Asst. Coach      Male                 3rd out of 5 teams with 2 Asst’s

            Softball             Head Coach      Female             4th out of 9 teams

                                    Asst. Coach      Female             4th out of 9 teams

            Swimming1        Head Coach      Male                 N/A

                                    Asst. Coach      Male                 N/A

                                    Asst. Coach      Male                 N/A

                                    Asst. Coach      Male                 N/A

            Tennis              Head Coach      Male                 4th out of 8 teams

            Track & CC2     Head Coach      Male                 4th out of 4 teams

                                    Asst. Coach      Male                 2nd out of 3 teams

                                    Asst. Coach      Male                 2nd out of 3 teams

            Volleyball          Head Coach      Male                 6th out of 11 teams

                                    Asst. Coach      Female             8th out of 11 teams


            1 ECU is the only school in Conference USA with a dual swimming coach

                2 Coaches both Men and Women



East Carolina appears to mirror a national trend of fewer women being employed as coaches for female athletic teams.  Currently, out of the 20 coaches involved with women’s athletics at ECU there are only two female head coaches and six assistant coaches (see chart below).


Women’s Team                        Head Coach                  Assistant Coach(es)

Basketball                     Female                         3 Females

Golf                                          Male

Soccer                                      Male                             1 Female, 1 Male

Softball                         Female                         1 Female

*Swimming                    Male                            3 Males

Tennis                          Male

*Track & Field              Male                            4 Males

Volleyball                      Male                            1 Female


*Denotes mixed-gender squads.


While there are many variables that go into hiring coaching staffs it would seem appropriate for the athletic department to develop a strong, proactive stance in advertising, recruiting, and hiring to increase the percentage of female coaches coaching women's teams.


6.         Locker Rooms, Practice and Competitive Facilities

            Significant inequities currently exist in athletic facilities.  These problems are most apparent in sports that do not share competition venues with men’s teams.  Softball is the most glaring example.  Situated adjacent to one of the finest baseball facilities in the eastern U.S. this facility is arguably the worst facility in CUSA and in any division 1 school in North Carolina.  There is no permanent press box, no locker room or toilet facilities.  While the playing surface is well maintained the facility, itself, is wholly inadequate.  The soccer facility is in much the same circumstance.  Situated inside the track, it is too narrow for regulation competition.  The location also presents potentially hazardous circumstances when the soccer and track teams are practicing concurrently.  The field is not lighted so practice and game times are limited.  The team cannot schedule home games in the spring if baseball is scheduled to play.  The softball and soccer programs clearly are placed at a disadvantage in recruiting student athletes as a result of the existing facilities.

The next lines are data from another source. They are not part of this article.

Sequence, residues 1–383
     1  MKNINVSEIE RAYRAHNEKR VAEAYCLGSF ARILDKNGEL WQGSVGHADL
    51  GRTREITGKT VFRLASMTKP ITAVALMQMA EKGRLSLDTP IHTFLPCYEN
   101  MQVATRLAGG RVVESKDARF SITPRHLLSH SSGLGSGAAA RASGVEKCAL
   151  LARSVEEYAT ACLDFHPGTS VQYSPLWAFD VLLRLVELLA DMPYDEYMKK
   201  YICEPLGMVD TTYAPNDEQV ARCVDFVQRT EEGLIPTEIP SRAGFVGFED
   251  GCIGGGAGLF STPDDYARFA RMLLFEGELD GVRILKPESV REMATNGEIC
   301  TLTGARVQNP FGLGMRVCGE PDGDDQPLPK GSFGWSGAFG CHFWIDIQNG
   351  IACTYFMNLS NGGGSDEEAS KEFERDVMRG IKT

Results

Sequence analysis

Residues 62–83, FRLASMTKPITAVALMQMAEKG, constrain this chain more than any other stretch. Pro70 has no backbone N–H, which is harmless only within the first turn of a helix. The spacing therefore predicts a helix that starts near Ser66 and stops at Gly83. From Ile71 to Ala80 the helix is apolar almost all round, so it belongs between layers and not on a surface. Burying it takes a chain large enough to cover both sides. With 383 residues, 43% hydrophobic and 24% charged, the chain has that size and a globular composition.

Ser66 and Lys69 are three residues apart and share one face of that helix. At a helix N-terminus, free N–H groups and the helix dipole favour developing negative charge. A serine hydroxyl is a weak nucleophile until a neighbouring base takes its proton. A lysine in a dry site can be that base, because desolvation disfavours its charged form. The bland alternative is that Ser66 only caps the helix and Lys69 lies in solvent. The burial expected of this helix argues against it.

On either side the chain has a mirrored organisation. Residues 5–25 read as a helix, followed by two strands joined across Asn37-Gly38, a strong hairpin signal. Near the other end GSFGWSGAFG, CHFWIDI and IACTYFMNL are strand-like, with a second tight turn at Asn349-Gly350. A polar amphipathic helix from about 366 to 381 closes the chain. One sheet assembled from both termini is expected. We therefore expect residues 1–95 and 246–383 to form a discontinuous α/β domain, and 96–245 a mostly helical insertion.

Basketball and volleyball share Minges Coliseum with men’s basketball.  While time in these facilities appears to be allocated in a gender-neutral manner the coaches of all three sports report that lack of an auxiliary practice facility does create inconvenience.  Competition venues are also shared for swimming and track and field.  The track and field facility is problematic.  Due to a number of issues it is impossible to host home meets.  While the tennis facility appears to be utilized in a gender-neutral manner and has recently been resurfaced it can be described as no better than adequate when compared to facilities at other CUSA or North Carolina schools.


            Inequities exist in locker rooms.  The overall quality of the space provided male athletes clearly exceeds that provided for female athletes.  Male athletes are more likely to have single-team locker rooms and those locker rooms are more likely to have close proximity to practice and competition venues.  The soccer and softball team share a room with others, including the dance team.  The women’s tennis team has no locker room and little provision for equipment storage. While gender equitable, neither the men’s nor women track team have any locker room facilities and the swim team locker rooms are small and dated. Locker room renovations were targeted in the prior gender equity plan but were not accomplished.